New law. The CARES Act temporarily and retroactively increases the limitation on the deductibility of interest expense under Code Sec. 163(j)(1) from 30% to 50% for tax years beginning in 2019 and 2020.

Effective date. The amendments made by Act Sec. 2306 apply to tax years beginning after Dec. 31, 2018.

19.   Taxation of Paycheck Protection Program loan forgiveness.

New law. Section 1102 of the CARES Act created a new lending program (the “Paycheck Protection Program” or “PPP”) under Section 7(a) of the Small Business Act (15 USC 636) to provide low-interest loans to certain small businesses (generally those with 500 or fewer employees) and self-employed individuals for the purpose of covering payroll and other eligible expenses during the covered period (Act Sec. 1102(a)).

An individual or entity that was eligible to receive a covered loan (eligible recipient) can receive forgiveness of the full principal amount of the covered loan up to an amount equal to the following costs incurred and payments made during the covered period: (1) payroll costs, (2) interest on a covered mortgage obligation, (3) any covered rent obligation payment, and (4) any covered utility payment (eligible expenses).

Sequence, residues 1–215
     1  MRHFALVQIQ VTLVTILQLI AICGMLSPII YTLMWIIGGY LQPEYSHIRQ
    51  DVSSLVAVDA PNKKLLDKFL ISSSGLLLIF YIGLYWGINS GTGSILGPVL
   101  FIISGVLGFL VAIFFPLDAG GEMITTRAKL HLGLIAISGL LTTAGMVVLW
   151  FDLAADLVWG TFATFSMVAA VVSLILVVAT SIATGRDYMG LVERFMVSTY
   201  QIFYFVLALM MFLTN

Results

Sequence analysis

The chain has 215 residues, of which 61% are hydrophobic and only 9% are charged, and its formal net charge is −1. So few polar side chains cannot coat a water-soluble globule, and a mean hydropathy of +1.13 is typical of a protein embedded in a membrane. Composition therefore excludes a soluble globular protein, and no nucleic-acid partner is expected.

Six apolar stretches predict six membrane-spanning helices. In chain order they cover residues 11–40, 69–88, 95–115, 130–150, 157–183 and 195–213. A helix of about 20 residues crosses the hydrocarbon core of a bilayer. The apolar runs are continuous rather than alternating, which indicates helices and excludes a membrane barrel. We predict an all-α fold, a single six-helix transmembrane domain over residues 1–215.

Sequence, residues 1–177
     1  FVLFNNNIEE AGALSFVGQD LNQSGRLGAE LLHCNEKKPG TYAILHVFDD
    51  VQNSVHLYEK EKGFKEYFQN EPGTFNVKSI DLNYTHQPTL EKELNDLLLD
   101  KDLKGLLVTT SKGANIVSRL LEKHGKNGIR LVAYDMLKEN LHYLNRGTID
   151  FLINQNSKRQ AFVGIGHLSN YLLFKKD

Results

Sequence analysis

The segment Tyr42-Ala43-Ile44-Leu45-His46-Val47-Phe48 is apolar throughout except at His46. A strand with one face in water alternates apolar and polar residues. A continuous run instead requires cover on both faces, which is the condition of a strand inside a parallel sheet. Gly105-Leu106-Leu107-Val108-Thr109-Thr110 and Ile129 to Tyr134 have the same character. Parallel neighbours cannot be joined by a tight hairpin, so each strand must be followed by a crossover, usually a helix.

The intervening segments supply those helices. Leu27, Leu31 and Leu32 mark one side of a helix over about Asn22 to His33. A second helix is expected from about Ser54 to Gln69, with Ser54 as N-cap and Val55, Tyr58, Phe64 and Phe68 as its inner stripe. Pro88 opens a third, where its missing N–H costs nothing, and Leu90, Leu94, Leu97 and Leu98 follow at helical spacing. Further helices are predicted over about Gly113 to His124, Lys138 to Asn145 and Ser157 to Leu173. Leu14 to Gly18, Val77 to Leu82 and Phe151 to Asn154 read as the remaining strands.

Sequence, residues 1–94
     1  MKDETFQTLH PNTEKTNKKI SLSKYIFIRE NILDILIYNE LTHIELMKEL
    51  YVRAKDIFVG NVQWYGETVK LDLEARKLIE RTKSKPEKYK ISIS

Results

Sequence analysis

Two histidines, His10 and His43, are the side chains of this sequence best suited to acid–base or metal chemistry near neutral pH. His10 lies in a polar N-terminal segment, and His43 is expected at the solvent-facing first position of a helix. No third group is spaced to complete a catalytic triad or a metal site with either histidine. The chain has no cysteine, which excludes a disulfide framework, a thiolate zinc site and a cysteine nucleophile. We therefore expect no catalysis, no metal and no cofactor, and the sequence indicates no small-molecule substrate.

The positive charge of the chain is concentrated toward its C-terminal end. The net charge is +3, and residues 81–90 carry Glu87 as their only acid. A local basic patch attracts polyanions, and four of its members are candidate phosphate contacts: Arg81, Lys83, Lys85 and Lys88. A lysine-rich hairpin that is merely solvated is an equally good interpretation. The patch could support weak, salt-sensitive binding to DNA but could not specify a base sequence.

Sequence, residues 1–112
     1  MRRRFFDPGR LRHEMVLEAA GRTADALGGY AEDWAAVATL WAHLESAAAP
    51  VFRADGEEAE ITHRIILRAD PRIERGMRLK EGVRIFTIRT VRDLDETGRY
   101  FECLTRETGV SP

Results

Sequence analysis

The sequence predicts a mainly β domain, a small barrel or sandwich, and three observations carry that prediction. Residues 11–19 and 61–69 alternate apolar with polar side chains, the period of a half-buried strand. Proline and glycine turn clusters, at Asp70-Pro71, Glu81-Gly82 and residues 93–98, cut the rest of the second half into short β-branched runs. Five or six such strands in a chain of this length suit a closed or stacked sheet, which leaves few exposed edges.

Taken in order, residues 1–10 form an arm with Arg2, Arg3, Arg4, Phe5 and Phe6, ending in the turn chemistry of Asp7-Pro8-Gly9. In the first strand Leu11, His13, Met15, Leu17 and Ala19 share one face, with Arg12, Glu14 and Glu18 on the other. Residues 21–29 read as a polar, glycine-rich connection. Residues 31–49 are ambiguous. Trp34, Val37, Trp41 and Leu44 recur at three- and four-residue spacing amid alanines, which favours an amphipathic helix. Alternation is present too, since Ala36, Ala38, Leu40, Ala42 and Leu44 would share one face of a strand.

To start the process of loan forgiveness, we advise you to first contact the lender that is servicing your loan. Different financial institutions have different procedures to be followed and while we remain available to assist in the process of the client to receive PPP loan forgiveness, the financial institution granting the PPP loan is the ultimate authority and recognized processor of the PPP loan forgiveness program.

20.   Corporate minimum tax credit (MTC) is accelerated.

Background. Corporations (for which the alternative minimum tax was repealed for tax years after 2017) may claim outstanding MTCs (subject to limits) for tax years before 2021, at which time any remaining MTC may be claimed as fully refundable. Thus, under Code Sec. 53(e), the MTC is refundable for any tax year beginning in 2018, 2019, 2020, or 2021, in an amount equal to 50% (100% for tax years beginning in 2021) of the excess MTC for the tax year, over the amount of the credit allowable for the year against regular tax liability.